Saturday, April 30, 2005

when 'pop' attacks

From here:
Still, it’s not easy to discern just what Noli Me Legere is for. It’s not a substitute for reading the books, and it risks suggesting a fairly unphilosophical ‘essence’ of Blanchot within easy reach, stripped of the messy stuff of thought and style. By contrast, English philosopher Simon Critchley has put his own words at the centre of his collaboration with musician John Simmons. The resulting CD, Humiliation (2004), is perhaps the bravest, or most foolhardy, move by a philosopher since the infamous night in 1996 when Jean Baudrillard took to the stage of Whiskey Pete’s casino in Nevada and (accompanied by Mike Kelley, among others) performed, in full gold-lamé-jacketed cabaret mode, a text entitled ‘Suicide Moi’.
Critchley is similarly shameless when it comes to genre. Over a selection of often infectious, if somewhat dated, styles — muted Trip-Hop, Latin-tinged pop, anthemic Techno-lite — he reflects on the nature of sex, Jesus’ first miracle and a coming nameless apocalypse. ‘We live in a time ... when the wind is rising’, he intones over a funky flute. Critchley, the author of an excellent philosophical study of humour, has since hinted that the whole thing is the upshot of a mid-life crisis. But its most beguiling effect is to conjure an alternative musical history in which the philosopher actually made it as a global pop sensation. He professes a fondness for George Michael: at times, despite the inherent preposterousness of the entire undertaking, you can hear a new world in which Critchley, loving the Beckettian vacancy of it all, has shimmied his catchiest track, ‘Cependant’ (lyrics courtesy of Georges Bataille), to the very top.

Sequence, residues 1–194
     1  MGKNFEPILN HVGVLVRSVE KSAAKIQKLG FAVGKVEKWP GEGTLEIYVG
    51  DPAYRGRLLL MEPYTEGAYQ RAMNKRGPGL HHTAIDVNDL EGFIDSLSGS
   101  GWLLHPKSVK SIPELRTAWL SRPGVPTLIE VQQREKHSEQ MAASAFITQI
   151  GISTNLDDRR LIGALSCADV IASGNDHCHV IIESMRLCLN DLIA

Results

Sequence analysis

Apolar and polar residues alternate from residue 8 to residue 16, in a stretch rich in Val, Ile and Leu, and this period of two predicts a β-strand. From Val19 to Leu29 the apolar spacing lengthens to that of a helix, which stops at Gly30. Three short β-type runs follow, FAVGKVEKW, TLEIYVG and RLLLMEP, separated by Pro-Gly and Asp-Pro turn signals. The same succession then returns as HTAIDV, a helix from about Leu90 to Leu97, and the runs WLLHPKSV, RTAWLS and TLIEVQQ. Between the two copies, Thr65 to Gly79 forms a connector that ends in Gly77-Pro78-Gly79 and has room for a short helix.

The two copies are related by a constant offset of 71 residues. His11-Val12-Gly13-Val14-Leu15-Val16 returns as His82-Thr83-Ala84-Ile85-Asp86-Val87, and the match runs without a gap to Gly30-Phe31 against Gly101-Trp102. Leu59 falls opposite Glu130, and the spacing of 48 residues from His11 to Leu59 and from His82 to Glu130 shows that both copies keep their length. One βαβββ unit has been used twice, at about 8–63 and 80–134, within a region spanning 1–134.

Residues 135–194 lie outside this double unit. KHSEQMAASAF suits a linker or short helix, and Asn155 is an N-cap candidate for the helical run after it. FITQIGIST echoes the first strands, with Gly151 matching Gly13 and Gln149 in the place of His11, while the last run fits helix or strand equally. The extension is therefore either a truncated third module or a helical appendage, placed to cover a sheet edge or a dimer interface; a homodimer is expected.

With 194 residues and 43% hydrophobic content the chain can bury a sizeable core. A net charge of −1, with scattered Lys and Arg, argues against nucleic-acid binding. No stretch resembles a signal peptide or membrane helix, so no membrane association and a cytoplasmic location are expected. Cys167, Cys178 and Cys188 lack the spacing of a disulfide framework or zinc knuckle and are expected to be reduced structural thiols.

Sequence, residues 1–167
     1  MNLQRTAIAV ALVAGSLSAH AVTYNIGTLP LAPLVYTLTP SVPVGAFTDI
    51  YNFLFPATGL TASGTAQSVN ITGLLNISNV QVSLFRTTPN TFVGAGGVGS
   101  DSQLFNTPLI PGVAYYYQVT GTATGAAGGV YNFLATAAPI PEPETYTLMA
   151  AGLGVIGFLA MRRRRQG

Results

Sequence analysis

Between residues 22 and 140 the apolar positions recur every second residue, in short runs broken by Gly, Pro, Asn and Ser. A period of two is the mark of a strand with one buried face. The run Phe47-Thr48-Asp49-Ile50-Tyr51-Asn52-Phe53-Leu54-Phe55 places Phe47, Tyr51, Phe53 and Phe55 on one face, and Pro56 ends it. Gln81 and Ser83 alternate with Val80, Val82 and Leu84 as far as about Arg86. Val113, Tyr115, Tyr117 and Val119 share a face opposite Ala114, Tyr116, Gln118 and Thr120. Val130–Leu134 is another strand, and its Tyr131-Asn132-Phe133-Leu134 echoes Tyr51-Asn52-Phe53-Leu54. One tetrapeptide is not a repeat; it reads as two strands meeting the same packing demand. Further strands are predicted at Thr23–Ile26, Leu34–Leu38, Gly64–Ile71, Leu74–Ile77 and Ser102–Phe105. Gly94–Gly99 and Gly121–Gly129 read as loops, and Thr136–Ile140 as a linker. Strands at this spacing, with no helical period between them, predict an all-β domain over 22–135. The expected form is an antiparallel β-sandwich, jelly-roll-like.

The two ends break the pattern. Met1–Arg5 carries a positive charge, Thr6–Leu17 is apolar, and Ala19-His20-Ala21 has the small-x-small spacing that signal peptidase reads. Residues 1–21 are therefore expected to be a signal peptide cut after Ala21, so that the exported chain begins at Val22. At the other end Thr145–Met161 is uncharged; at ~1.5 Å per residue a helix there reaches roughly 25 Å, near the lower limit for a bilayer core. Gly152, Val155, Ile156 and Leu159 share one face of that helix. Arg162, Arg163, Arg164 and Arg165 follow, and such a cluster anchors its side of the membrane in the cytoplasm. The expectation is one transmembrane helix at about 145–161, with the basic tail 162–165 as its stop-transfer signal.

For serious hilarity, however, a recent CD by Canadian artist Brian Joseph Davis is a joyous and thoughtful thing. Packaged like an old vinyl seven-inch, complete with the indie-label injunction to ‘pay no more than $4’, Minima Moralia announces itself as a five-song EP by Theodor Adorno. Davis has taken an aside from Greil Marcus’ book Lipstick Traces (1989) to the effect that Adorno’s melancholy volume is as frantic and raging as a proper Punk product — and made it real, putting the man’s words in the mouth of a female vocalist, Dawn Unwanted. Over Davis’ perfect simulacra of minimal Punk energy, Dawn comes uncannily close to early Patti Smith with lines such as ‘The evil principle that was always latent in affability unfurls its full bestiality in the egalitarian spirit’. Which is not to say that Minima Moralia is a one-chord joke: it’s now impossible to read Adorno’s text without hearing it as Agit-Punk. As the sleeve has it: ‘old school, new school, Frankfurt school!’

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